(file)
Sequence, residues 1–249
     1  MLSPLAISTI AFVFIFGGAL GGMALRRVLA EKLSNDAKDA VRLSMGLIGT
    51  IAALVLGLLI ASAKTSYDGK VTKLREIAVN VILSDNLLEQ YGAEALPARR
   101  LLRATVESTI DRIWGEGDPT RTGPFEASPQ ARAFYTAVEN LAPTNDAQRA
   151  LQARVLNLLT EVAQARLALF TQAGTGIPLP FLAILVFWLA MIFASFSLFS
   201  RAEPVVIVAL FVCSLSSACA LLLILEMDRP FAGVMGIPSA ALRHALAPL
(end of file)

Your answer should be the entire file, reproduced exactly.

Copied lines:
Sequence, residues 1–249
     1  MLSPLAISTI AFVFIFGGAL GGMALRRVLA EKLSNDAKDA VRLSMGLIGT
    51  IAALVLGLLI ASAKTSYDGK VTKLREIAVN VILSDNLLEQ YGAEALPARR
   101  LLRATVESTI DRIWGEGDPT RTGPFEASPQ ARAFYTAVEN LAPTNDAQRA
   151  LQARVLNLLT EVAQARLALF TQAGTGIPLP FLAILVFWLA MIFASFSLFS
   201  RAEPVVIVAL FVCSLSSACA LLLILEMDRP FAGVMGIPSA ALRHALAPL